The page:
5 Ways to Add Vegetarian Protein to Lunch Salads

05/14/2014 at 02:33 PM ET

How to Add Meat-Free Protein to Your Salad
Courtesy Food52

This article was originally published on Food52, a site that brings cooks together to share recipes, ideas and support. 

Meatless meals have come a long way over the past decade. Gone are the frumpy kasha of the ’70s and the egregious margarine of the ’80s. Meatless Mondays will be getting their own Hollywood star sometime soon, between Natalie Portman and Kale.

Here are five quick ways to add (vegetarian) protein to your lunch salad:

How to Add Meat-Free Protein to Your Salad
Courtesy Food52

Lentils and beans
Legumes are the classic choice here. They’ve got some of the highest protein per square inch, as far as meatless options go, and you can make a big batch of them on Sunday and keep them on hand all week. Add a big scoop to your salad — pair lentils with more delicate greens, and bigger beans with chunkier vegetables. Or fold your lentils into yogurt with some spinach, and spoon them over toast. In springtime, white beans go nicely with crunchy radishes and bright herbs; let your legume of choice change with the seasons.

How to Add Meat-Free Protein to Your Salad
Courtesy Food52

Boiled Eggs
Don’t turn up your nose at this idea just because the salad bars of your youth contained icky, rubbery, sulfurous eggs. After all, they’re compact, they don’t need much adornment past deskside salt and pepper, and your fork will quickly break them down into salad-friendly bits. Boil one while you dry your hair or make your coffee in the morning — here’s how to do it — then prepare yourself a new kind of egg salad. They are also perfect atop last night’s roasted vegetables, alongside a handful of whatever grain you have around.

How to Add Meat-Free Protein to Your Salad
Courtesy Food52

Tofu and Tempeh
It’s all about prepping these ahead and seasoning them well. Press your tofu, slice and dress it, then briefly broil it to crisp it up. Marinate and sear tempeh for better flavor and texture. Then layer your filets onto lunch, and eat with a fork and knife, as if your desk were a steak-free steakhouse. BYO-bread basket for the full effect.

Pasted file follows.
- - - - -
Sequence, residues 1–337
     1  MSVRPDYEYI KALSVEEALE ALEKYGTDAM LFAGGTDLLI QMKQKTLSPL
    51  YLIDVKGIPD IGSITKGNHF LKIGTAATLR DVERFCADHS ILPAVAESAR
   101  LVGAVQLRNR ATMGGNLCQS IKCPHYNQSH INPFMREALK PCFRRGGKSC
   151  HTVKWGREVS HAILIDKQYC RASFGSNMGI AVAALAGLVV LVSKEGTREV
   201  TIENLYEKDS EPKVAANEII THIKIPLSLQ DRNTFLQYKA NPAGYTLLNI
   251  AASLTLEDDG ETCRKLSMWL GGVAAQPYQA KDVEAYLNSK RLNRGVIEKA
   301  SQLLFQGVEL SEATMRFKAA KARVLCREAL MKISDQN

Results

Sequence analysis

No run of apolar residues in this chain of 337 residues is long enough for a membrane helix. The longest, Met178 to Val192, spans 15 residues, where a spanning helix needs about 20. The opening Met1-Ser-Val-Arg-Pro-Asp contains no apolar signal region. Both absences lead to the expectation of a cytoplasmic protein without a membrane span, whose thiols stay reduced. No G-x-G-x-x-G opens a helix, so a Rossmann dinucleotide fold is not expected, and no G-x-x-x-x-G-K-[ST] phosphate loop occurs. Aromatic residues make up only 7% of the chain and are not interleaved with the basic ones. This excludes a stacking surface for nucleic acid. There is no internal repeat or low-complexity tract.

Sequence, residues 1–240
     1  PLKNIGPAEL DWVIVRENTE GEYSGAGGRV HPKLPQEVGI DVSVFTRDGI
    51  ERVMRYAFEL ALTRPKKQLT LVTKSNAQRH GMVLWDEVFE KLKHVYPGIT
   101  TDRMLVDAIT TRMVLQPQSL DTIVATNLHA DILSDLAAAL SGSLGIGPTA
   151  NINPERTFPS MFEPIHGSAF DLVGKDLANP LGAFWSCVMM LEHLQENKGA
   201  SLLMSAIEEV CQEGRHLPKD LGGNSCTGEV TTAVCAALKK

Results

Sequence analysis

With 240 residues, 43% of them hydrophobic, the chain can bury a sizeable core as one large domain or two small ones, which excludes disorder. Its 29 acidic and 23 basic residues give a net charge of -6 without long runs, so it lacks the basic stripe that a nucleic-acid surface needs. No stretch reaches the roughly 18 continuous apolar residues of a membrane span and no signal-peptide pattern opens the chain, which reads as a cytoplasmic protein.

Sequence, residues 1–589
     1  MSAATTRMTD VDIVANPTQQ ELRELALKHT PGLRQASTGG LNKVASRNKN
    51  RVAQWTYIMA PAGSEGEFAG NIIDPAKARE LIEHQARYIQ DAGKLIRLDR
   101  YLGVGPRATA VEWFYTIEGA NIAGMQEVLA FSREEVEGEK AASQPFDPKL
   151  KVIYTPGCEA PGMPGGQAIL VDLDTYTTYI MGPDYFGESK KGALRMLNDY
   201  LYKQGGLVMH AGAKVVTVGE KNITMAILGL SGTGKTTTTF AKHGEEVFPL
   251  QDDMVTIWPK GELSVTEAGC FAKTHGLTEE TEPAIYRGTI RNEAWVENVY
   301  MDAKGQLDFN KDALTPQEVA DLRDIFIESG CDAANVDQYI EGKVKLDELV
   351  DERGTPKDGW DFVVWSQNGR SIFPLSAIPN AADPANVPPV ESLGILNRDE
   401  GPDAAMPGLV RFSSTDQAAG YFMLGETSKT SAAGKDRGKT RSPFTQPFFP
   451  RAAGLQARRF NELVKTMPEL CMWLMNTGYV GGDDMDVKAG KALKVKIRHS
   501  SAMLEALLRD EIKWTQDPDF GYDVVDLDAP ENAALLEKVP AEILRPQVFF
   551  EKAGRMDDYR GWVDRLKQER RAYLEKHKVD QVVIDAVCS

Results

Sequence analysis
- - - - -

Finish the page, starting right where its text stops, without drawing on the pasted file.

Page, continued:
How to Add Meat-Free Protein to Your Salad
Courtesy Food52

Feta (or Other Crumbly) Cheese
Feta adds tang, creaminess, and contrast to crunchy vegetables or chewy grains. Bring in a tub of the good stuff and keep it in your fridge, then crumble it over your salads, whether they be green or grain. It pairs especially well with quinoa, sturdy greens like kale, and crunchy toppings. Its lifelong friends include lemon, olives, and parsley.

More: If you’re a total overachiever, try making your own.

How to Add Meat-Free Protein to Your Salad
Courtesy Food52

Nuts and Seeds
Don’t overlook the little guys. Nuts and seeds are full of protein and good fats; they’re cheap when bought in bulk; and, when toasted or roasted, they add deep flavor and fun crunch to an otherwise vanilla salad. If you’ve toasted them and you want maximum crunch factor, pack them separately so they’re not softened by the water in your vegetables. Try adding hazelnuts to this quinoa salad, or cashews to miso-laced greens.

Tell us: How do you pack in protein for a packed lunch?

FILED UNDER: Expert Tips , Food , Health , Salad , Vegetarian

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The Latest Craze in Disco Styles Is See-Through Jeans—but Beware of Foggy Bottoms


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The Latest Craze in Disco Styles Is See-Through Jeans—but Beware of Foggy Bottoms

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On a clear day, you can see forever—or at least that’s the wicked thought behind L.A. designer Agi Berliner’s transparent idea: see-through jeans. Exhibitionists notwithstanding, most folks wear them over bathing suits or as attention-getting evening wear with halters, garter belts and body stockings. Created for the disco crowd, the $34 jeans are selling like, well, hot pants. In just six weeks, 25,000 pairs have already been sold in such major department store chains as Macy’s, Bonwit’s and Saks.

“What’s limiting American designers is that we’re afraid to do something different,” says Berliner, 32, a Hungarian émigré who fled with her family to the U.S. in 1956. Agi thought up the gimmick in London while marveling at the way plastics were being employed by designers of punk fashion. In her L.A. office, where she designs for La Parisienne junior sportswear, Agi spent five days on the phone and six weeks testing to come up with the right plastic.

Agi herself tried out the French-cut jeans with the zipper in front, and quickly found several problems: Some plastics tore away from stitching, others wouldn’t bend and all fogged with perspiration. The ideal material proved to be a vinyl supplied by a bookbinder. The steam was eliminated with a series of vents behind the knees and in the crotch. “They’re no hotter than polyester pants,” claims Agi, “and if you wear them with tights, they won’t stick to your legs.”

Whatever the discomfort and despite the problem of Saturday night feverishness, discomaniacs report one major advantage of the plastic pants: no laundry bills. To keep Berliner’s see-through jeans clear, all the wearer needs is a little Windex.

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